The White House on Wednesday released a report on the costs of Obamacare for most Americans, heralding its interpretation that 95 percent of the nation will be able to buy health insurance premiums below “earlier projections.”
But note the words “earlier projections.” That doesn’t mean that the insurance Americans will have to buy, or be fined, under Obamacare will be cheaper than what they pay today, before Obamacare kicks in.
We know this because at the same time the White House was releasing its broad study, Tennessee Sen. Lamar Alexander released his analysis of the report’s portion on his state. He found that Obamacare will cost far more than what many of his constituents are paying today, some by as much as 190 percent.
From his release:
— Today, a 27-year-old man in Memphis can buy a plan for as low as $41 a month. On the exchange, the lowest state average is $119 a month — a 190 percent increase.
— Today, a 27-year-old woman in Nashville can also buy a plan for as low as $58 a month. On the exchange, the lowest-priced plan in Nashville is $114 a month — a 97 percent increase. Even with a tax subsidy, that plan is $104 a month, almost twice what she could pay today.
— Today, women in Nashville can choose from 30 insurance plans that cost less than the administration says insurance plans on the exchange will cost, even with the new tax subsidy.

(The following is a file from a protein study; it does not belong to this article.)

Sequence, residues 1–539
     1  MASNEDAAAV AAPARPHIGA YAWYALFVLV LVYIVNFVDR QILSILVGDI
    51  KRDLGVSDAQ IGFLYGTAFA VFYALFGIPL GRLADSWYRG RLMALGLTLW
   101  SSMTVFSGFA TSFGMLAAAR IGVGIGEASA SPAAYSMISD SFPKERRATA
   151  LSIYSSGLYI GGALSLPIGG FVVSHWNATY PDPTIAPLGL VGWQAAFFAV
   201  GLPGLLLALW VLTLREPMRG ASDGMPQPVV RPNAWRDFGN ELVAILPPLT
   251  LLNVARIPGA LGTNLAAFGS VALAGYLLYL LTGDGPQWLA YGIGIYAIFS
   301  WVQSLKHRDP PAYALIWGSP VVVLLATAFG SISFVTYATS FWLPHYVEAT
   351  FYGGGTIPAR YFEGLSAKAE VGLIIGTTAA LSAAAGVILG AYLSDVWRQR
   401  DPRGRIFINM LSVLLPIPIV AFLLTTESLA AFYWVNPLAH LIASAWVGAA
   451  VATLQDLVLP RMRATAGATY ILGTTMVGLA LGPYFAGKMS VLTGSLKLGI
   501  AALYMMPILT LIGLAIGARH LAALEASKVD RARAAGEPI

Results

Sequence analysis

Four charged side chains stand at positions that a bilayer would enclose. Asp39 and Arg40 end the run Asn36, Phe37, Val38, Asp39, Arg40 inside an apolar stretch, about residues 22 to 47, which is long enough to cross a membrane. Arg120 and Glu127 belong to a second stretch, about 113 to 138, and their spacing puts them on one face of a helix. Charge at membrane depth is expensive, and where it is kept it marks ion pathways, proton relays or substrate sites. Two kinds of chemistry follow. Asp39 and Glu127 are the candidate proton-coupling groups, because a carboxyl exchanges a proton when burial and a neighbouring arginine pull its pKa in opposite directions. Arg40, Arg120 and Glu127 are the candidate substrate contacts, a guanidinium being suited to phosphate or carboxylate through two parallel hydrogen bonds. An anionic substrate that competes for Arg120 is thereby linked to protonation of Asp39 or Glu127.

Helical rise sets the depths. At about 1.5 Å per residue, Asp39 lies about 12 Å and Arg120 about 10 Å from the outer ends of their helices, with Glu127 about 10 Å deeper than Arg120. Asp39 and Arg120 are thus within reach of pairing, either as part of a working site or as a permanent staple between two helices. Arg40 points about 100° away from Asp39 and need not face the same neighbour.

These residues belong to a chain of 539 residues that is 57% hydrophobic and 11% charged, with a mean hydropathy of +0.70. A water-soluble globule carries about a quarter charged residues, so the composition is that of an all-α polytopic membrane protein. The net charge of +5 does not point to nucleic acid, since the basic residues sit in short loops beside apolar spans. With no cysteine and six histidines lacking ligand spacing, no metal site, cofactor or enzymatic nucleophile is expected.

— In Nashville, 105 insurance plans offered today will not be available in the exchange.
Said the Republican senator, “Why should a 27-year-old male in Memphis be forced to pay nearly three times more than what he pays today for health insurance? Why should a young woman in Nashville have to pay twice as much? This isn’t what President Obama promised Tennesseans, but it’s what he’s giving them — higher costs and less choice — that are two of the most urgent reasons Obamacare must be repealed and our health care system fixed.”
The White House blog, however, focused on other states and details in its report.
“Nearly all eligible uninsured Americans (about 95%) live in states with average premiums below earlier projections. And nearly all consumers (about 95%) will have a choice of health insurance companies, each of which offers a number of different plans,” wrote Jeanne Lambrew, deputy assistant to the president for health policy.
She focused on Texas, not Tennessee: “Premiums are even lower for workers and families qualifying for tax credits. For example, in Texas, an average 27-year-old with income of $25,000 could pay $83 for the lowest-cost bronze plan, $133 for the lowest-cost silver plan, and $145 per month for the second lowest-cost silver plan after tax credits. For a family of four in Texas with income of $50,000, they could pay $57 per month for the lowest bronze plan, $239 for the lowest silver plan, and $282 per month for the second lowest-cost silver plan.”